Because of the size of the board and the low number of long-range pieces, there is a tendency for the battle to focus on a particular area of the board.[clarification needed]
Xiangqi involves several tactics common to games in the chess family. Some common ones are briefly discussed here.
- When one piece can attack more than one enemy piece, they are forked.
- A piece is pinned when it cannot move without exposing a more important piece to capture. Cannons can pin two pieces at once on one file or rank, horses can pin because they can be blocked, and generals can pin because of the "flying general" rule.
- A piece is skewered when it is attacked and, by moving, exposes a less important piece to be captured.
- A discovered check occurs when an attacking piece moves so that it unblocks a line for a chariot, cannon, and less often, the horse, to check the enemy general. The piece uncovering the check can safely move anywhere within its powers regardless of whether the opponent has those squares under protection.
- A double check occurs when two pieces simultaneously threaten the enemy general. It may or may not be possible to block, but capturing one of the checking pieces is insufficient to remove the threat. The only blockable cases are either a chariot and cannon on the same file as the general, with the chariot acting as a screen for the cannon, or two horses giving discovered check after another piece unblocks the attack from both. Other combinations of double checks are not blockable.
- Unique to xiangqi is a triple check, which arises in three combinations. In the first case of a cannon, a chariot or soldier, and a horse, the horse moves to give check, uncovering a double check from the chariot and the cannon. In the second, rarer case of a chariot or soldier and two horses, the chariot moves to give check, uncovering a double check from the two horses. In the third case of two cannons and two horses, one cannon may uncover a double check from the horses and act as a screen for the other cannon. Quadruple check is also possible, arising with two horses, a chariot, and a cannon. Triple and quadruple check cannot be blocked.
|Triple check||Quadruple check||Triple check, alternate position|
Usually, soldiers do not support each other, because from the initial position it takes a minimum of five moves of a soldier to allow mutual protection between two of them.
The chariots, as the most valuable pieces, are not normally lined up together, as it risks losing one chariot to an enemy's inferior piece. Depending on the situation, it may be advantageous to position a chariot at one of the corners on the enemy's side of the board, where it is difficult to dislodge and able to threaten the enemy general.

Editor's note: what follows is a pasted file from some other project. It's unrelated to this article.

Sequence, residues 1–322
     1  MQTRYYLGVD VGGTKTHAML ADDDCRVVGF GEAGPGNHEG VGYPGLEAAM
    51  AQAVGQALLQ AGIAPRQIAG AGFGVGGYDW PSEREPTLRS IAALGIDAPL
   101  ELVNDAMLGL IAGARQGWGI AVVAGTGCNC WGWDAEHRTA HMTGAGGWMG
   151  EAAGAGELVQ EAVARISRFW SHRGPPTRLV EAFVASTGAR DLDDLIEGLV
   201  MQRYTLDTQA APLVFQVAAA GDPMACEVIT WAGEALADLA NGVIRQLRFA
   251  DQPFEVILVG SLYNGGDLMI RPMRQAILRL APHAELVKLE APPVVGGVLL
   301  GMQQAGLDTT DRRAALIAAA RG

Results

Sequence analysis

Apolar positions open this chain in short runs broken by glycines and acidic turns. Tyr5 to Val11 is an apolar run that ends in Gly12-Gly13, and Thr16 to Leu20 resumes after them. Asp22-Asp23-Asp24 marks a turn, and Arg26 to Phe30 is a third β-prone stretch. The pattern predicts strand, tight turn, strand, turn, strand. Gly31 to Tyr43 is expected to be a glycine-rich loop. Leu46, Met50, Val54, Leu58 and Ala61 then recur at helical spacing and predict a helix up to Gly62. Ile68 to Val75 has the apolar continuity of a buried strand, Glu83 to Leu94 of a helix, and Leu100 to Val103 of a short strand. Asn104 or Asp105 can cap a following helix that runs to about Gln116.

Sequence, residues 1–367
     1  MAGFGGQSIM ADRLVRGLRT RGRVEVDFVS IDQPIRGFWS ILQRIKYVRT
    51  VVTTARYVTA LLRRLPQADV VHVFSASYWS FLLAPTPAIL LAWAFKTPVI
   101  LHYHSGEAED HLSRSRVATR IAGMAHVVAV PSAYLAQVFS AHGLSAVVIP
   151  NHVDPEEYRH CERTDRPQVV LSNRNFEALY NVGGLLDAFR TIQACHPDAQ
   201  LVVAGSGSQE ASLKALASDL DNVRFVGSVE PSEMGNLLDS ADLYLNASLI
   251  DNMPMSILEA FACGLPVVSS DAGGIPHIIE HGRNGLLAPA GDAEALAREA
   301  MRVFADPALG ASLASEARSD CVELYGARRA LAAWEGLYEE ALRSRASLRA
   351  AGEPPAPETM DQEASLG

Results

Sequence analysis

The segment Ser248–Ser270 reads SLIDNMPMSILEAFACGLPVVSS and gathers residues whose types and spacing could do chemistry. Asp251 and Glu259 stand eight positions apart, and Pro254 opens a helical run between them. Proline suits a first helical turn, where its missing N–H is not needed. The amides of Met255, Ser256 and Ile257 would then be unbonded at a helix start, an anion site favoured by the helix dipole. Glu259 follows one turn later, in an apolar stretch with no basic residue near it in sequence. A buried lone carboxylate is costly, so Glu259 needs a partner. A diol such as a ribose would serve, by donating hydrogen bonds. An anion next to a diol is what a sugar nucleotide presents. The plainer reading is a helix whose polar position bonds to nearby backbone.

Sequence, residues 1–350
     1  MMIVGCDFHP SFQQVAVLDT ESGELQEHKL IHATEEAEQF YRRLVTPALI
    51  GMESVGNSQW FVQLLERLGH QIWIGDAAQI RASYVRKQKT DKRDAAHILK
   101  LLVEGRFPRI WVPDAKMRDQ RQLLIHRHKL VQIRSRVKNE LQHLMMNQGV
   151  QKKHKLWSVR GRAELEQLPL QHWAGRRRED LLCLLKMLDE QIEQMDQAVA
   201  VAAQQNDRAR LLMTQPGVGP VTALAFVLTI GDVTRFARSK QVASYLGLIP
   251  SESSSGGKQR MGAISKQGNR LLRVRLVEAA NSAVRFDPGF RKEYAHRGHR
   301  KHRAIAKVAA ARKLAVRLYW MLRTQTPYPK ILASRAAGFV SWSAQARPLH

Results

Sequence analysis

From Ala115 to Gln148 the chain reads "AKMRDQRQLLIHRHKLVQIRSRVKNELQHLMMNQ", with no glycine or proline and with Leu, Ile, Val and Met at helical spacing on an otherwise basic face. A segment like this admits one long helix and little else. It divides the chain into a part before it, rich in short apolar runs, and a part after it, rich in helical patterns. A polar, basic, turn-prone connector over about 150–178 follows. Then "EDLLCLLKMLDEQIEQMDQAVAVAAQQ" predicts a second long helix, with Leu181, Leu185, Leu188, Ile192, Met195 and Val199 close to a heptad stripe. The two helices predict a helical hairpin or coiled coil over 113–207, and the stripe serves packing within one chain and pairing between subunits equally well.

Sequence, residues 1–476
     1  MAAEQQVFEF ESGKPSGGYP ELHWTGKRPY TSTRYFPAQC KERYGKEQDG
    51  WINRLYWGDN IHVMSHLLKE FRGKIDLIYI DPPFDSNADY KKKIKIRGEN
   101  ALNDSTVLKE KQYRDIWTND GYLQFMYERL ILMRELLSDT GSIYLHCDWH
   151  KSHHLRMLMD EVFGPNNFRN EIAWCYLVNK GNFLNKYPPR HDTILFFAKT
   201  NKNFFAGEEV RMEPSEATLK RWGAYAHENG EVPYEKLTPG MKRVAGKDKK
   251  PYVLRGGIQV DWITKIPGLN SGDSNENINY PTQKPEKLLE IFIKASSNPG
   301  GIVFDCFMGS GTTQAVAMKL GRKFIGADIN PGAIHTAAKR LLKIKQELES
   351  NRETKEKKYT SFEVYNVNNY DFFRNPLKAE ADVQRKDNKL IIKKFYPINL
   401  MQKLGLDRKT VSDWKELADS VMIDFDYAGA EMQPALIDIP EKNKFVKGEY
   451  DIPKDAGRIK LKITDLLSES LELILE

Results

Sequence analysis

It is common to use cannons independently to control particular ranks and files. Using a cannon to control the middle file is often considered vital strategy, because it pins pieces such as the advisors and elephants. The two files adjacent to the middle file are also considered important and horses and chariots can be used to push for checkmate there. Two cannons on the same file is also a powerful formation, as the rear cannon can threaten the general, but moving a piece in front of the cannons to block will fail, because the front cannon can then attack the general.
A common defensive configuration is to leave the general at its starting position, deploy one advisor and one elephant on the two points directly in front of the general, and to leave the other advisor and elephant in their starting positions, to the side of the general. In this setup, the advisor-elephant pairs support each other, and the general is immune from attacks by cannons. Losing any of the pieces makes the general vulnerable to cannon, and the setup may need to be abandoned. The defender may move advisors or elephants away from the general, or even sacrifice them intentionally, to ward off attack by a cannon.
Since the left and right flanks of the starting setup are symmetrical, it is customary to make the first move on the right flank. Starting on the left flank is considered needlessly confusing.